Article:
What started out about a half-dozen years ago as a summer concert series creating some downtown fun has evolved into a significant local tourist attraction that this year is expected to draw fans from as far away as Canada and Florida.
Trumbull County Tourism Bureau Executive Director Stephanie L. Sferra said, for example, the final concert at this year's popular River Rock at the Amp series - Southside Johnny and the Asbury Jukes scheduled to perform Aug. 24 at the downtown Warren Community Ampitheatre - has already generated high ticket sales, including some to groupies outside Ohio and even outside the United States.
Bob Anderson of Rock Creek uses a chain saw to transform into a work of art a tree trunk that stands next to The End of the Commons General Store in Mesopotamia. The 300-year-old tree was damaged by a storm last summer. Tribune Chronicle photos / Virginia Shank
The international tourist draw to Trumbull County is exciting, but far from usual. That's because Ohio is known as a "driving destination" tourist state, typically drawing visitors from no farther than a three-hour drive, noted Sferra and Tamara K. Brown, public relations manager for Tourism Ohio in Columbus.
"We know from surveys that have been done that people are willing to drive three hours," Sferra said last week. For Trumbull County, that means frequent visits from places like Columbus, Buffalo, N.Y., Pennsylvania or parts of Michigan.
Trumbull County destinations include Mesopotamia's Amish country, Warren's National Packard Museum, Mosquito Lake Park, historic locations like the William McKinley Memorial and birthplace, Vienna's Wagontrails Animal Park and dozens of others.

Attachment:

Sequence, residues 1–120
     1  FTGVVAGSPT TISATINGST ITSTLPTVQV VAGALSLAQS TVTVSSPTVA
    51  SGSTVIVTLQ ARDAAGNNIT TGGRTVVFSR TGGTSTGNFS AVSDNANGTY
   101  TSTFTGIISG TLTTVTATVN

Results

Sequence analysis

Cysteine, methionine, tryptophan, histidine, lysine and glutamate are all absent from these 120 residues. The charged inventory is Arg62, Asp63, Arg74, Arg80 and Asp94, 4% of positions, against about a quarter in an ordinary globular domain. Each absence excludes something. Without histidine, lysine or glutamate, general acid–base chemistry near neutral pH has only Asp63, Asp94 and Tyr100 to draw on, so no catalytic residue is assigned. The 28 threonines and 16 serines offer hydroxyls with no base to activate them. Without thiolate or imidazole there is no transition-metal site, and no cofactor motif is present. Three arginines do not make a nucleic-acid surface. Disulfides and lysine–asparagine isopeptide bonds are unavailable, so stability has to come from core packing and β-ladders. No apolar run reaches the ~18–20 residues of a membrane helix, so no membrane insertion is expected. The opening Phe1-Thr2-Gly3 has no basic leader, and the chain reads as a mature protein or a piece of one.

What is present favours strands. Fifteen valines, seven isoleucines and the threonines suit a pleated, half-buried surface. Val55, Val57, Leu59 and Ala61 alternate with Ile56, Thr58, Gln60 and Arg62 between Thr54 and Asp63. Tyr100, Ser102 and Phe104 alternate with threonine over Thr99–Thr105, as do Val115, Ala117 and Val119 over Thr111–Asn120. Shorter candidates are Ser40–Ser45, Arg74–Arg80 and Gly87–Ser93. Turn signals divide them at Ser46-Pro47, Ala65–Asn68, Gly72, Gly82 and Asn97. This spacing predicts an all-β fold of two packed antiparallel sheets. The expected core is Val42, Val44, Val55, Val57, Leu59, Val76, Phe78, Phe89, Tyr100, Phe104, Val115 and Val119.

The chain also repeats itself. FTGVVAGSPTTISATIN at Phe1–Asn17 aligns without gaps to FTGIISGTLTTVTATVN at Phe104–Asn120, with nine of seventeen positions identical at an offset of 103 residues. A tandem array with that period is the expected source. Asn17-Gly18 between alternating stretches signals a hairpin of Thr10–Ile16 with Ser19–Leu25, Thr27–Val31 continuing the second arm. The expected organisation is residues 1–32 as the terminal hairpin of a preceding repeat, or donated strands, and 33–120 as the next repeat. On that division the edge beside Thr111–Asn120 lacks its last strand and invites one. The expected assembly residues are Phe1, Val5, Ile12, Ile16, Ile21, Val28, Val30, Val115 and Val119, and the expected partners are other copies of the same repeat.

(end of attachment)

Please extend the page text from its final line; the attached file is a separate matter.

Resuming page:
Calling Trumbull County a perfect "hub and spoke" area, Sferra said she often caters to bus tour operators or other visitors who are passing through the area on their way to attractions in Cleveland or Pittsburgh, the National Football Hall of Fame in Canton, or other nearby cities. She noted one tour bus operator traveling from Minnesota to Washington, D.C., stops for a quick lunch and an afternoon visit to the National Packard Museum on average about twice a year.
Combined, the visitors to each of these locations bring a heavy impact on the local economy.
According to the most recent figures available, visitors spent $292.2 million in Trumbull County in 2011. Expanding that to include indirect and induced sales, the study commissioned by the Ohio Department of Development's Tourism Division indicates tourism generated $448 million in Trumbull County; sustained more than 5,700 jobs; and generated just under $100 million in wages.
In neighboring Mahoning County, tourism sustained more than 8,775 jobs and generated more than $157 million in total wages in 2011, according to the study released in 2012.
As local, state and national unemployment rates dip and gas prices remain competitive, visits to Trumbull County have been on the rise, evidenced by steady increases in local funds generated from visitors who pay taxes on their hotel stays, or "bed tax," beginning in 2010 through 2012.
Bed tax collected in April for stays during March, for example, were up $14,084, or nearly 26 percent, over those collected last year at this time.